Pretty awesome for Peter Thiel and the PayPal gang.
If we look at Square, which is new payment disrupter with big aspirations, we don’t see the banks taking a laissez-faire attitude. Both banks and their processing partners are quick to jump into the fray and try to deny Square the oxygen that they provided PayPal a decade ago. Examples here and here.
The second example of a single instance is M-Pesa.
You can’t talk about mobile payments without looking toward Africa and Asia, where the action really is. There are few things in payments that fire up both the head and heart like the idea of financial inclusion in developing countries. Bank branches are hard to find in many population centers, and most of the world’s poor deal in cash, which is complicated and dangerous to maintain and move.
Additionally, apart from micro-lending programs like Grameen, the world’s poor are cut off from small loans. However, while the world’s poor may lack access to banks, they do have one thing in plentiful supply: mobile phones. It is this promise – of turning cash into electronic currency and using the mobile device as a means of storing and transferring wealth – that has everyone from Bill Gates to Bill Clinton enthused, and Kenya’s M-Pesa service, which enables users to store and move funds with their mobile phones, is often held up as an example for how other countries can experience the same success.
Like PayPal however, M-Pesa was the beneficiary of a set of unique events that will likely never occur again. First, prior to M-Pesa’s launch, Safaricom (M-Pesa’s operator and joint owner with Vodafone) had a de-facto monopoly in the Kenyan market, so when M-Pesa was introduced it immediately avoided one of the biggest problems in money transfer programs: interoperability. Getting one network (or bank, or whatever) to agree to a financial transfer program with another network is…um….difficult. With this in mind, you can see how much easier life was for an M-Pesa user to know that roughly 80% of all other Kenyans had access to the same system.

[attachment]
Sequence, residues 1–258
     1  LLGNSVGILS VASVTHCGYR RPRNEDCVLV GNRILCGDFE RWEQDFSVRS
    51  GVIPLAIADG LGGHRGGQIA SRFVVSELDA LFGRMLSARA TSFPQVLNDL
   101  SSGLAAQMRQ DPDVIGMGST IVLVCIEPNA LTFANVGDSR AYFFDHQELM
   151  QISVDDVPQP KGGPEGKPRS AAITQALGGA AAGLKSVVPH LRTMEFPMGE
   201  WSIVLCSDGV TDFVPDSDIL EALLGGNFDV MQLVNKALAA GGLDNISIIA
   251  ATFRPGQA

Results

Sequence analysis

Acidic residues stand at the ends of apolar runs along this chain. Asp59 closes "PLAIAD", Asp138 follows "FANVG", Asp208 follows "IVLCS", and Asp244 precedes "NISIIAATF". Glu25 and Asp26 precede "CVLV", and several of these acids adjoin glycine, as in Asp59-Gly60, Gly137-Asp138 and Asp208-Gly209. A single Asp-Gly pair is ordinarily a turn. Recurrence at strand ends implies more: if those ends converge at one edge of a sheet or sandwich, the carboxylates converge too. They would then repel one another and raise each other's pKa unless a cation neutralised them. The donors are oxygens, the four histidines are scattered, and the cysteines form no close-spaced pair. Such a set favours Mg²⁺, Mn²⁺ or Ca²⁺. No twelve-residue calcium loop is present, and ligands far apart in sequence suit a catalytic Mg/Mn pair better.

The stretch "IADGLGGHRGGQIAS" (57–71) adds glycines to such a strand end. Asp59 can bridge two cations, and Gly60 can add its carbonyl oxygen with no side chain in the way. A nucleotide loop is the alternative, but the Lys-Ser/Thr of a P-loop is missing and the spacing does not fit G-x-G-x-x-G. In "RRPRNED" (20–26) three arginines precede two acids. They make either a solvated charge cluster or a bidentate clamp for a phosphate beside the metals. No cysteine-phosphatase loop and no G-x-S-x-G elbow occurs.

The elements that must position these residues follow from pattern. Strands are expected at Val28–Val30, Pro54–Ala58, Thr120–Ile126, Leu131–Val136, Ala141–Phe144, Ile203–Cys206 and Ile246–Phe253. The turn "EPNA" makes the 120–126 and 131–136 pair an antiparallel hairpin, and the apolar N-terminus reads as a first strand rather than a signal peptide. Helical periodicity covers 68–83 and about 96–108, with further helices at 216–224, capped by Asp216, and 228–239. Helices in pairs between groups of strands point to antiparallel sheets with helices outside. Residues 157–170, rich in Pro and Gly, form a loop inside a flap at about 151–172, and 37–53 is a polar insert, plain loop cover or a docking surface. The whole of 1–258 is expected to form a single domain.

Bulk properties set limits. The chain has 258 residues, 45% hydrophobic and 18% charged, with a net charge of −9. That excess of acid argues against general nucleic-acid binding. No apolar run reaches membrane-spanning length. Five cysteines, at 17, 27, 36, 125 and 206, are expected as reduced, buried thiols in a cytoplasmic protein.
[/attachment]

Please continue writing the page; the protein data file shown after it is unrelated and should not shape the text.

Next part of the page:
Secondly, just like PayPal caught the banks napping, so too did M-Pesa catch regulators napping, which reduced the friction associated with establishing and using these new accounts. Finally, Kenya had unique social issues such as large migrations of workers from villages to big cities, the associated need for money transfers back to the villages, and the unfortunate levels of physical violence that befell travelers with cash. These events, plus others, made the Kenyan example a single occurrence from which little deep insight can be derived concerning how this will play out in other emerging markets.
Are there insights to be gained from these two examples? Certainly. Both represent a treasure of empirical data – user behavior, ecosystem development, etc – that can provide us with some interesting insights. But you cannot extrapolate a curve with a single data point, or like James Gleick wrote, “Clouds are not spheres. Mountains are not cones. Lightning does not travel in a straight line”.
The path forward for mobile payments is unclear, although the payments industry continues to look for models (such as this one) that can help predict what comes next. I have my opinions, but that’s for another time.
I will, however, pose this question: what other examples of similar “single instances” can you think of where innovators place too much stock in a one-time event?